Daily Archives: February 28, 2011

Generation “?”

Quilly asked me recently if I knew what a transistor radio was…  LOL, I am very familiar with transistor radios. As a child, I would slip my own little transistor radio under my pillow; after the lights were out, I would lay my ear over the speaker and listen to music until I was sleepy.

My dad bought a really cheap car (Plymouth Horizon Miser) when I was a young teen. The “Miser” edition — and yes, it was really called that! — didn’t come with a radio. Instead, he set a little transistor radio in the passenger seat, which would go flying off onto the floorboard every time he took a sharp corner.

Yes, I am old enough to remember transistor radios. I’m also old enough to have dialed a rotary phone through much of my childhood. In addition, I wore bell-bottoms (granted, they were hand-me-downs and slightly out of fashion) and learned to type on an actual typewriter (with carbon copies and liquid white-out).   If you’ve never had to use carbon copies, you don’t know how good you have it!
I have a somewhat sketchy memory but I do remember watching the first man on the moon — pretty impressive on our black-and-white TV!  My family owned a newer television set in time for Watergate, and I watched Nixon resign in color.
However, I was not yet alive when Kennedy was assassinated. To me, that is the marking of the end of the baby boomer generation. If you do not have that memory, you don’t really fit in with most Baby Boomers.  (Back in the mid-to-late ’80’s, there was an sure-fire way to make a Baby Boomer feel old: go out for drinks,  let them all talk about where they were when Kennedy was shot, and then tell them you weren’t born yet.)

Gen X-ers follow the Baby Boomers, so by definition, I am supposedly part of Generation X. I have read that Generation X ends with the last people to remember the Cold War, the Challenger disaster, the fall of the Berlin Wall, and the death of Kurt Cobain — and to have those things all mean something personally.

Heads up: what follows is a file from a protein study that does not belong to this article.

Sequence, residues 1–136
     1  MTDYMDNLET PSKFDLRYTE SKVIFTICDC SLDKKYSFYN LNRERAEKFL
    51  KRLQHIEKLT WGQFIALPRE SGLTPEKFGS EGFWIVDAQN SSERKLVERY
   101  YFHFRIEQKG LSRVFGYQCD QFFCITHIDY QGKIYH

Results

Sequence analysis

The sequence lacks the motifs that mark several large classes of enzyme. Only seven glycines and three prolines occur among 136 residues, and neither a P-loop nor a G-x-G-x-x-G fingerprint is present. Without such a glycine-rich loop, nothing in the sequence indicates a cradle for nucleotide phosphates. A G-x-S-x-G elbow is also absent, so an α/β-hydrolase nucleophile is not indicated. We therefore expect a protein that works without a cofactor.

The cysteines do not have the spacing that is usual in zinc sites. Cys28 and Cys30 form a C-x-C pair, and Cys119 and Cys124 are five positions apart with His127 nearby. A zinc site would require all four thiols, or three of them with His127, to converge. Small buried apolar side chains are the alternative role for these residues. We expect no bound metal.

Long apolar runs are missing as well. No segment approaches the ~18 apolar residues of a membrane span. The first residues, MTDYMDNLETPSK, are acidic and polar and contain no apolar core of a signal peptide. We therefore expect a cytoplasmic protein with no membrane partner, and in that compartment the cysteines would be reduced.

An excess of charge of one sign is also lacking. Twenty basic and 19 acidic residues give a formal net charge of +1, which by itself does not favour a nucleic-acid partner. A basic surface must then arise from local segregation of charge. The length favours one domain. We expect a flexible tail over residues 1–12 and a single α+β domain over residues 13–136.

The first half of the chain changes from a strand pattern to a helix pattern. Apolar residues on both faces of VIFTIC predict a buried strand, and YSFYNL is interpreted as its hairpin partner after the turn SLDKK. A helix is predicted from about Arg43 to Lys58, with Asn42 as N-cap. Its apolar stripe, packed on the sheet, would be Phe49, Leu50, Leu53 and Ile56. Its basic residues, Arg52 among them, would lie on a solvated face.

Cold War, check (I no longer think Russia will wipe us out with WWIII).
Challenger, check (I was at college, eating breakfast in front of the big screen TV to watch happy history being made… and then watched in horror).
Berlin Wall, check (you couldn’t pull me away from the TV – I watched the live images with tears streaming down my cheeks).
Kurt Cobain, ….  I didn’t even know the name until all of the publicity surrounding his death. To write this, I had to google him. So I feel a little lost with that last descriptor.  It makes me feel like I don’t really fit in with Generation X any more than I fit in with the Baby Boomers.   I didn’t rage against the machine. Grunge music* came into being after I went to college and was working to support myself. While I did wear flannel shirts in high school, they weren’t popular yet, just comfortable.  I had to buy them in the boys department at non-trendy shops because they weren’t sold everywhere.   It’s true, I wore flannel before it was popular and bell bottoms after they went out of style. I’m perpetually “off” fashion.

I guess that makes me part of a “lost generation” or something like that… those couple of years where we don’t really fit in either generation. There are probably some people born between Gen X and Gen Y that feel the same way.

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*Small claim to fame: I graduated with someone who went on to become a member of Pearl Jam.

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Where do you fit in? Tell me about your generation.

Thank you, Hilary!